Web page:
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    megatronsf's Medal of Honor: Frontline (PS2)

    [March 6, 2008 12:34:17 AM]
    Granted, there are a million first person shooter games about war and even WWII in particular. Either way I felt that the versatility of this game stands out even within the MOH series itself not only because of the intensity of the six missions that Patterson is led through, but also for the genuine nature of it. The levels vary greatly in their lengths and content, but throughout all of them the player feels satisfaction at the downfall of the enemy or any of the many destructive projects that Lt. Patterson and his squads of American and sometimes British soldiers. What I found most mazing on my second go at the game was the flawless interaction between the player and the game environment, and how well the levels aid in shooting. Not only are there randomly placed barrels containing gunpowder, but also smaller gas tanks that explode with a large enough radius to kill anybody near.

    There are many elements to this game's overall design that are still impressive to me such as the ability to shoot through most openings and windows without question. That along with the fact that the levels vary from very open grassland type maps where sniping is essential, to hand-to-hand combat in confined city streets. The way that the towns are depicted as ravaged and battered from war adds to the game's fidelity and mood while also limiting the players movement to the right direction in most cases. Where in modern games, the player would probably just be able to crawl around or over a huge chunk of dislodged concrete, in Metal of Honor: Frontline there has to be an alternate route. I find this completely acceptable given the detail that the game has elsewhere especially in segments of the game where stealth is utilized. That is where I found the true subtlety of the game to lay was in the parts where the slightest wrong move will awaken a guard, or rouse a group of stationary soldiers.

    This entry has been edited 1 time. It was last edited on Mar 6th, 2008 at 00:53:56.

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    [March 6, 2008 12:01:56 AM]
    The fourth game in the Medal of Honor series is an amazingly concise first-person-shooter game that starts right out with a simulation of D-Day at Omaha beach from the perspective of Lt. Jimmy Patterson. The aim settings are very easy to get adjusted to in the game, and like many games for the PS2 it’s partially automated to lead you through the first level as if it were a training sequence. The game is led primarily by narrative segmentation as it is relaying the story of Sgt. Patterson from D-Day through his experiences in Germany after being surreptitiously shipped overseas in a wooden crate and other such random plot fillers like that. Another thing that plays a dominant role in the game is stealth, and the ability to move unseen or unrecognized. The element of suspense is heavily reliant on this aspect of stealth within the game, but also on the fact that it is a WWII game where the enemy is Nazi Germany. The selection of weapons is something the game thrived on as well as the range of objects to be thrown or utilized in other ways such as the Nazi uniform that Patterson gets before entering the Golden Lion pub in Germany. The shock of being discovered is twice as intense at a Nazi convention, which is another part of the game where the uniform is needed, and the suspense of the plot definitely adds to the intensity of the game and it's magic circle.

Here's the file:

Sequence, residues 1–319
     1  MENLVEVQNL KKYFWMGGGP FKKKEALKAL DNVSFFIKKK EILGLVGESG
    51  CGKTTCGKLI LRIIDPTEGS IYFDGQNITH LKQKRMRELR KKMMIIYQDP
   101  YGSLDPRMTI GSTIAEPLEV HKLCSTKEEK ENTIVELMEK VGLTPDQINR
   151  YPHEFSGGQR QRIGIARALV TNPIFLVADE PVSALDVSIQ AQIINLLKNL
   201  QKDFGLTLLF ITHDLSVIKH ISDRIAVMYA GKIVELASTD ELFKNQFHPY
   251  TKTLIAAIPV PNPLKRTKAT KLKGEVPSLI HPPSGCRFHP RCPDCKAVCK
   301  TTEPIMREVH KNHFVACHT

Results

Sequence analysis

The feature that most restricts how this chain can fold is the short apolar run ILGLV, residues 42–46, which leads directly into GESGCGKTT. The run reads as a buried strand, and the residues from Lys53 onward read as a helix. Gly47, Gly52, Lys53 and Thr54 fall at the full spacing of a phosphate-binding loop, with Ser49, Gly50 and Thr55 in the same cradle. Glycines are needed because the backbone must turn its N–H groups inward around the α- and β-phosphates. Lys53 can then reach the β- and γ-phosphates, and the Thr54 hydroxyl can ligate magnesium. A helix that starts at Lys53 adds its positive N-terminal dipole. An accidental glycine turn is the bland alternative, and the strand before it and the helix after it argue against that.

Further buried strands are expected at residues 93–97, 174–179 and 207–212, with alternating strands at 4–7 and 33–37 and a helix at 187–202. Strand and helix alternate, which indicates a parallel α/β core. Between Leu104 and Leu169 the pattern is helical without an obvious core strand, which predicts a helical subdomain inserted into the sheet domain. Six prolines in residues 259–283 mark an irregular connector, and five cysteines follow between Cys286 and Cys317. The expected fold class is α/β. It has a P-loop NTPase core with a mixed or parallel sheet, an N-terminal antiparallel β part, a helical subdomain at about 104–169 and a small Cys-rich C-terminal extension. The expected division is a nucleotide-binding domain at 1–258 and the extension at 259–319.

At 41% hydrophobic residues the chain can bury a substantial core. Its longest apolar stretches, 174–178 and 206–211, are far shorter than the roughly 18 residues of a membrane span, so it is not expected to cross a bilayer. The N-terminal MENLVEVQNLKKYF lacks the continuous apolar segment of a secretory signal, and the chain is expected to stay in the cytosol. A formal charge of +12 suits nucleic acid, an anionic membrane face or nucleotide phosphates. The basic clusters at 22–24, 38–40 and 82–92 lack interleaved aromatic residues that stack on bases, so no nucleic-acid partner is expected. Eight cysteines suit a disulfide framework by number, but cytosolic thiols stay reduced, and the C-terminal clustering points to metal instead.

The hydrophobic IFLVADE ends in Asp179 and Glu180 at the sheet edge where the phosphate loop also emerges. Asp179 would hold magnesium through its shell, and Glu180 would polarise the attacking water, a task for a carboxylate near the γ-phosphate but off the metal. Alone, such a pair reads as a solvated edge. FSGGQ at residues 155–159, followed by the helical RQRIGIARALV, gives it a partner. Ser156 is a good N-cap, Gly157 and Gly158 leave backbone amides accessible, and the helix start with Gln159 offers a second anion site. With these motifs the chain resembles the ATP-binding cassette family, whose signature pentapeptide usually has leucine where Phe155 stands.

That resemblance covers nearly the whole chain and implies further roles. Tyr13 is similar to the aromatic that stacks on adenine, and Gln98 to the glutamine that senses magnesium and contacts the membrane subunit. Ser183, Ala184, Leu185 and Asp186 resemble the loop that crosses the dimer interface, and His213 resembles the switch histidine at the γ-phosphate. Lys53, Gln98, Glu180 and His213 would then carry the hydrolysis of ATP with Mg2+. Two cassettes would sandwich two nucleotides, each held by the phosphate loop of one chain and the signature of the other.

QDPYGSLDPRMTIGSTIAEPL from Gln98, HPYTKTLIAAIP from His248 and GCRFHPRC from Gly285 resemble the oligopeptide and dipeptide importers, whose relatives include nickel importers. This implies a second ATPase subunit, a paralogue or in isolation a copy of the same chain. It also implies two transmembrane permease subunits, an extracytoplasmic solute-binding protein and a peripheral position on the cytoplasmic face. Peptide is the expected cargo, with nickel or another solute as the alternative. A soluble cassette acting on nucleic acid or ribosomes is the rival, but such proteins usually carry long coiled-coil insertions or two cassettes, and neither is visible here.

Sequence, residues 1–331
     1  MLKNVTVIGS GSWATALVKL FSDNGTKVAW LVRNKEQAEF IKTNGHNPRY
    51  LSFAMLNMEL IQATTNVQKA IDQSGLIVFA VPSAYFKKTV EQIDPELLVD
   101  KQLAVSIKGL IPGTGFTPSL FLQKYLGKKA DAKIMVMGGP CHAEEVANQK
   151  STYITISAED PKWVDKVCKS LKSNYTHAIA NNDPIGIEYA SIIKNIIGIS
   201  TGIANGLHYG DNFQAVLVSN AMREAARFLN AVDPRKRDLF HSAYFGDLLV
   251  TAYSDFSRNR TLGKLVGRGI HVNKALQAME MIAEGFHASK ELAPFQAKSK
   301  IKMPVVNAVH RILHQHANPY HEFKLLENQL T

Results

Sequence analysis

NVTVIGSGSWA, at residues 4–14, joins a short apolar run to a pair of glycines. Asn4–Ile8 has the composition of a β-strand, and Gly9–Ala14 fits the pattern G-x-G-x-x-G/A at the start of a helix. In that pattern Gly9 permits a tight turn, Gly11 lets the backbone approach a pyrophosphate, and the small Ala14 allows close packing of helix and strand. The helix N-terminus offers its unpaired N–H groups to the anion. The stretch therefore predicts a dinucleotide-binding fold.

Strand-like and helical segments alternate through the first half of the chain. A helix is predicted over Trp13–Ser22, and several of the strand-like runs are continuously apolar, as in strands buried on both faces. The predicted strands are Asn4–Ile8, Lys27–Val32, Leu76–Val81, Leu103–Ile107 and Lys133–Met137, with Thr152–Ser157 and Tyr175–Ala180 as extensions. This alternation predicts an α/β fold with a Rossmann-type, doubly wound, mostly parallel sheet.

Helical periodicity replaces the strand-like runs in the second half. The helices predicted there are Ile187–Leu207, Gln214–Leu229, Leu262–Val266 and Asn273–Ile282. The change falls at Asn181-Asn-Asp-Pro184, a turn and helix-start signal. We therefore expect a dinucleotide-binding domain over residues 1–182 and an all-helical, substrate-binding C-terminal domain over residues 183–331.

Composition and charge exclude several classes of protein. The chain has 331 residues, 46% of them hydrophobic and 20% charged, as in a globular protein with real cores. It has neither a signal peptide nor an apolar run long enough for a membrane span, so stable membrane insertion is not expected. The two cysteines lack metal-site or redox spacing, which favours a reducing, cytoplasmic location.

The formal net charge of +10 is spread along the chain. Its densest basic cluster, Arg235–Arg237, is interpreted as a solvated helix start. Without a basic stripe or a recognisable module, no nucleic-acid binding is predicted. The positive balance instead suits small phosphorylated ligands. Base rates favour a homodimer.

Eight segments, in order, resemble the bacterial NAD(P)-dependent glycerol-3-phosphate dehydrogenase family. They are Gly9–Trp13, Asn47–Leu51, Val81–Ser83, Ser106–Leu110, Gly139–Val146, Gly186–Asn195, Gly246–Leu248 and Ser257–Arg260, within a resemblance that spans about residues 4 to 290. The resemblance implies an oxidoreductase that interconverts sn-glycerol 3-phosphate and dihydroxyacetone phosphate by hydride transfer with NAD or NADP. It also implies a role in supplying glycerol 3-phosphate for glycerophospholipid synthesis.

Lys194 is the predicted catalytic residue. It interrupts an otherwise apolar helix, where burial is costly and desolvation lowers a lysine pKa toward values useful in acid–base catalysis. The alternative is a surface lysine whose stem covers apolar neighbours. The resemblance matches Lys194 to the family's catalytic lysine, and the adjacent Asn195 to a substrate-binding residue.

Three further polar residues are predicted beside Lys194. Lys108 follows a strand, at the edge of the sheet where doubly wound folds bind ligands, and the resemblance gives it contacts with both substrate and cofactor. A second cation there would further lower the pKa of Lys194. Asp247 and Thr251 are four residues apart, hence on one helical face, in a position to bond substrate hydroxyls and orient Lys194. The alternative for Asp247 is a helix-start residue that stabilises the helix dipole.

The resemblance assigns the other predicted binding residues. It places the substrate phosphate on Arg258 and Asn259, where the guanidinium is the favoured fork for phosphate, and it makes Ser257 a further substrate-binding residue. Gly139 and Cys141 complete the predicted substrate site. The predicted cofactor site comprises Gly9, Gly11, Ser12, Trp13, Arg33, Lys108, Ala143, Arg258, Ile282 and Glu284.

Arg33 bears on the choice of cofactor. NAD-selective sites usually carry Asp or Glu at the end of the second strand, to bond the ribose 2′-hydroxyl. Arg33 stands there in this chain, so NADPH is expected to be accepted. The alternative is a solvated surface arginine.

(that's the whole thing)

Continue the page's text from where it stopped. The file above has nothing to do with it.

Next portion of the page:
Considering that the game was out in 2002, it had very detailed levels that were challenging enough to make the game extremely engaging. The reactions from enemies when they are shot is very realistic as well in how they will fall away from the bullet, as well as die from head shots quicker than any other body part. Many buildings can be accessed for long range shooting and the ability to mount alternate weapons is excellent, but the complexity of the routes throughout the level sometimes leads to confusion as to the proper direction. When you throw grenades, Nazis will often throw it back if it doesn’t blow up quick enough, and when there are other soldiers they will even dive onto it to limit the deaths. I thought that was eerily realistic when I first saw it, but nowadays there are many subtly programmed reactions like that in most first person shooters. A lot of the missions were reminiscent of Metal Gear Solid which I played earlier in the quarter, things like deactivating bombs placed on bridges were based on the same fundamental PS2 actions and buttons. After getting adjusted to the aim sensitivity, the game got increasingly entertaining especially in situations where there's sniping.

    This entry has been edited 1 time. It was last edited on Mar 6th, 2008 at 00:13:22.

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    megatronsf's Medal of Honor: Frontline (PS2)

    Current Status: Playing

    GameLog started on: Wednesday 5 March, 2008

    megatronsf's opinion and rating for this game

    A very accurate depiction of WWII combat for a game released in 2002.

    Rating (out of 5):starstarstarstar

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    1 : Medal of Honor: Frontline (PS2) by jp (rating: 2)


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